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America’s Vaccine Diplomacy: Too Little Too Late?


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Yesterday, White House Press Secretary Jen Psaki confirmed in a press conference that the Biden administration is planning to loan around 4 million of AstraZeneca vaccines to Mexico and Canada over the following days. This decision comes at a time when most of the Hemisphere is looking for China and Russia for buffing up their vaccination supplies.

There is little doubt that the Western world has been largely successful at developing, testing and producing effective, lifesaving vaccines at a record time. The U.S. has used extensively the Moderna and Pfizer vaccines to inoculate its population, Israel famously reached an historic deal with Pfizer (sharing them medical data) to supply its vaccination stockpiles, and the UK has managed to develop a successful vaccination program by also using their Oxford/Astrazeneca jab.

Western nations, however, have not been as effective at ensuring vaccination distribution worldwide. Not only has the western world felt short at negotiating deals with developing countries in Latin America or Africa, it has even engaged in vicious “vaccine wars” within itself with the European Union threatening to ban any export of the AstraZeneca vaccine to the UK amid their own floundering vaccination program.

The United States has also followed a similar approach with the vaccine distribution program, with Jen Psaki saying a couple weeks ago that the U.S. would not share its vaccine supply with Mexico, until all Americans have access to the jabs.

Although the White House decision yesterday does represent a slight deviation from that strategy, it is also important to note that the vaccines the U.S. is sharing with Mexico and Canada, AstraZeneca, is not being currently used in the country as the FDA has not approved it yet. Additionally, the amount of doses distributed would barely make a dent in countries with a combined population of over 150 million.

Biden announced the U.S. will send about 4 million AstraZeneca doses to Mexico and Canada (EFE)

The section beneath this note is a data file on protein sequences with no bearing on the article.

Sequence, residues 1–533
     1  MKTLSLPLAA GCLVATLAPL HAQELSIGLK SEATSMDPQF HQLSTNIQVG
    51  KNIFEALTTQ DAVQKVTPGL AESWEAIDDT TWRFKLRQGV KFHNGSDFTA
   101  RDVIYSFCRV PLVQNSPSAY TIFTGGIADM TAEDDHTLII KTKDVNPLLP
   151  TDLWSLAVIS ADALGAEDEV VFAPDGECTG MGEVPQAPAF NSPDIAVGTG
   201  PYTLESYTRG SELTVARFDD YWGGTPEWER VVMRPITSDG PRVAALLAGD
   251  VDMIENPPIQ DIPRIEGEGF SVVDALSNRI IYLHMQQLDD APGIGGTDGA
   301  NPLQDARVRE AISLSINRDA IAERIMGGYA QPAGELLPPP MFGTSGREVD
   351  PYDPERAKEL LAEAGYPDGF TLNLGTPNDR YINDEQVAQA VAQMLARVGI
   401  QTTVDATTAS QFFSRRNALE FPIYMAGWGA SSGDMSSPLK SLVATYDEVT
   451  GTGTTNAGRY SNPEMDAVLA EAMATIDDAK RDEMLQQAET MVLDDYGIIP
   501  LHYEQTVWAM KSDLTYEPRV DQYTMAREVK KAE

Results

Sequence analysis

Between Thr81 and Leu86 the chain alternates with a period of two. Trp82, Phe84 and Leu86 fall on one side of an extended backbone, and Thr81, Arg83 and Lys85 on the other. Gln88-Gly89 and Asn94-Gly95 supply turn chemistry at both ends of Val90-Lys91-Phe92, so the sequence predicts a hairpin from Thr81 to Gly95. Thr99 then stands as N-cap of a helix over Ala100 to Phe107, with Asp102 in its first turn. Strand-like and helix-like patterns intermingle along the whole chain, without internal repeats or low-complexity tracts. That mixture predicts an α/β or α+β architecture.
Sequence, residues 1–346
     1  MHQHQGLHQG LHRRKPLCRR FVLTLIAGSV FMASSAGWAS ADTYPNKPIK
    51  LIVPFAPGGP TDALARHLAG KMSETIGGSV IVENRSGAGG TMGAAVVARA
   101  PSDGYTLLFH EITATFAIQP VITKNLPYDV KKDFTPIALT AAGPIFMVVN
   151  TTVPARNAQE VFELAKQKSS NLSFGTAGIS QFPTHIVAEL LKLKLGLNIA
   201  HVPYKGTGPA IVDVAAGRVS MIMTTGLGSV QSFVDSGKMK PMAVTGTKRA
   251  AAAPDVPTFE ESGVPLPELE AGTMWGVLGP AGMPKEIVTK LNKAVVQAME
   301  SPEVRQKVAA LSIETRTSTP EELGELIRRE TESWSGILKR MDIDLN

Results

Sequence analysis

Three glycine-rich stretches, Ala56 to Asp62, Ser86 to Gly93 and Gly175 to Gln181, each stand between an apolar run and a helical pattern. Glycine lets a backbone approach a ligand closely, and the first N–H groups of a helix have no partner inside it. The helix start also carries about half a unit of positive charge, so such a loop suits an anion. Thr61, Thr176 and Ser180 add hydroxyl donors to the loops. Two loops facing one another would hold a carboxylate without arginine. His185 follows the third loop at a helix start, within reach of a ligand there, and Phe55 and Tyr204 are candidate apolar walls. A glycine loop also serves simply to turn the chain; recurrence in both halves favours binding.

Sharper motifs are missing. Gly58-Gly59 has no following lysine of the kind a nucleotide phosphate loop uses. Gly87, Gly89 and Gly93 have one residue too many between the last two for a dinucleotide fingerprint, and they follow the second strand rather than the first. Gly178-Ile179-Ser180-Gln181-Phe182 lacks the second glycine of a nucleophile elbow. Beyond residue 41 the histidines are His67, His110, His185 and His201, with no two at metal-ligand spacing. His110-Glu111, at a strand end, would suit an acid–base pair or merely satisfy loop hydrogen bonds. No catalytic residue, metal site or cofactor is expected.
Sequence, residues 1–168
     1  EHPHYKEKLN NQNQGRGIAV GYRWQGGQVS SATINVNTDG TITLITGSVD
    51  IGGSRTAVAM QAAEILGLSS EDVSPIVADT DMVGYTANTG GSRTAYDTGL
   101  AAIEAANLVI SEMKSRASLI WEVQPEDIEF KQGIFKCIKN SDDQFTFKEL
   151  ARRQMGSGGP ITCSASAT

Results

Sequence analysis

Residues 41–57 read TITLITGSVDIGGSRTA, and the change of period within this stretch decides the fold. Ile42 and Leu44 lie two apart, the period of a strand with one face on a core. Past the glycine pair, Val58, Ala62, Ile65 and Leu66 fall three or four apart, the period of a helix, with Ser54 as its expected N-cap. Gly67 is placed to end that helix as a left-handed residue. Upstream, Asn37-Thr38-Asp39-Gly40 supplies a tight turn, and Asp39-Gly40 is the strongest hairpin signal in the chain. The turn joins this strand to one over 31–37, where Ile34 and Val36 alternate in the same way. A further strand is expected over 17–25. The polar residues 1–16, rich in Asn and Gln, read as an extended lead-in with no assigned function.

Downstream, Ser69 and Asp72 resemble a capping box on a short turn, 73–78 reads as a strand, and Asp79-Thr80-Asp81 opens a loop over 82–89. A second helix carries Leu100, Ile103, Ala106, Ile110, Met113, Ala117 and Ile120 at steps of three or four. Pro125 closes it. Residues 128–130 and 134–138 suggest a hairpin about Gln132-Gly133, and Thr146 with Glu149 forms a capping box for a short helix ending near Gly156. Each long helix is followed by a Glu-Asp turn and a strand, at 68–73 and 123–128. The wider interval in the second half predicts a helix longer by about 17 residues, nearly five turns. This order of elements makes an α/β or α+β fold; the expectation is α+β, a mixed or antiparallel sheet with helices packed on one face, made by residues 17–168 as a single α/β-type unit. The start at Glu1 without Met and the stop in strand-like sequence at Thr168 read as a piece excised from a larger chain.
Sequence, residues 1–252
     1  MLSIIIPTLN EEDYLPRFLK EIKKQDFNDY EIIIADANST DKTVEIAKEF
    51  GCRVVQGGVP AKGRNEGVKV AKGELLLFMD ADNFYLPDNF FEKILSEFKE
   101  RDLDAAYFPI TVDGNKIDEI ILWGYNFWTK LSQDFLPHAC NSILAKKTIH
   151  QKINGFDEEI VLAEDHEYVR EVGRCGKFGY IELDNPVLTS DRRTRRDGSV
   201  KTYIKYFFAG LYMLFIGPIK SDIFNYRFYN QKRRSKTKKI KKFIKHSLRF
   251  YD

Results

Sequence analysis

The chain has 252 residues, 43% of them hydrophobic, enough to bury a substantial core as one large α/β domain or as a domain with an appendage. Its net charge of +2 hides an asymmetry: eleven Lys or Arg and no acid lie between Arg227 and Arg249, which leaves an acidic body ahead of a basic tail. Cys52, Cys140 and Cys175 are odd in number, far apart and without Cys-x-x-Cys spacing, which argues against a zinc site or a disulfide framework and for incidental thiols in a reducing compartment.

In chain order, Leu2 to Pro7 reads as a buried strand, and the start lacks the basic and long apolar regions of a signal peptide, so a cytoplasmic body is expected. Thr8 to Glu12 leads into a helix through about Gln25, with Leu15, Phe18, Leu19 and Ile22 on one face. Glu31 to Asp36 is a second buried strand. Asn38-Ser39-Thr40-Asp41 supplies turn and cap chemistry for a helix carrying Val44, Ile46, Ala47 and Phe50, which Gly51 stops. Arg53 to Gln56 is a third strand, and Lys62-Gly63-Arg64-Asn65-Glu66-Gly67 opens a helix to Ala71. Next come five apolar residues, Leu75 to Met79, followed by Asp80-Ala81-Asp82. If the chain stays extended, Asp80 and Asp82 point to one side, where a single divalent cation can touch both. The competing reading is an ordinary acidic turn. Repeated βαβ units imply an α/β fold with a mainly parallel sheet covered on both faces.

Vaccine distribution are both public health and politics

While Europe and the UK fight on who should get the vaccines produced by AstraZeneca and the U.S. only recently allowing to ship some additional unused vaccines to its closest neighbours, China and Russia have started an aggressive vaccine diplomacy campaign in the developing world.

Chile, which has the most successful vaccination campaign in Latin America, has done it mostly with the chinese Sinovac vaccine, while Hungary also bought large amounts of the Sinopharm (a state-owned company) jabs. Chile and Hungary are not alone at this, with at least 45 countries throughout the world building their supplies with chinese jab, while Russia has also gained a foothold in the vaccination diplomatic race, with at least ten latin american countries expecting to receive the Sputnik vaccine over the following months.

The issue of global vaccination is one of public health, as the quicker the global population reaches a level of immunization would not only reduce death rates in a considerable way but it would also avoid the virus to continue to develop mutations and strains that can hamper the effectiveness of the vaccines developed.

However, vaccination is also a deeply political and diplomatic issue. In a time of growing great power competition between the U.S. and China, every single global issue becomes a possible arena of competition between the American superpower and the emerging chinese presence. Poorer countries will be looking eagerly at who will be able to help them crush the virus through vaccination, whomever manages to do that will win some significant influence in the region.

Hungary has bought large quantities of Chinese vaccines, the only EU member to have done it to date (EFE)

As of today, the U.S. has disappeared from the stage, leaving the ground for competitive regimes like China and Russia to expand their global vaccination diplomacy without contest. Russia and China are not doing this due to philanthropic or purely humanitarian reasons, they are seeing an opportunity to increase their influence in the world, painting themselves as the key players in the global fight against the virus.

The Western developed nations have also played their part on the success of the chinese and russian strategy by engaging in a total war for vaccination among countries. It will be difficult for the U.S. to convince the thirld world that aligning with them would be on their self interest if they did not even attempt to lend a hand during this crisis.

The top priority for any government right now is to ensure their population can access vaccinations and be protected from the virus, nevertheless, it would be unwise to take a fully isolationist approach towards the issue. Vaccination cooperation schemes should be developed parallelly from the national efforts to vaccinate, a program that takes into account national needs but that also shows to the world that America is a reliable partner.

The U.S. is no longer the uncontested hegemon in the world and if the White House wants to mount a substantive defense of the liberal international order, it will need to do much more.

Daniel is a Political Science and Economics student from the University of South Florida. He worked as a congressional intern to Rep. Gus Bilirakis (FL-12) from January to May 2020. He also is the head of international analysis at Politiks // Daniel es un estudiante de Cs Políticas y Economía en la Universidad del Sur de la Florida. Trabajo como pasante legislativo para el Representate Gus Bilirakis (FL-12) desde enero hasta mayo del 2020. Daniel también es el jefe de análisis internacional de Politiks.

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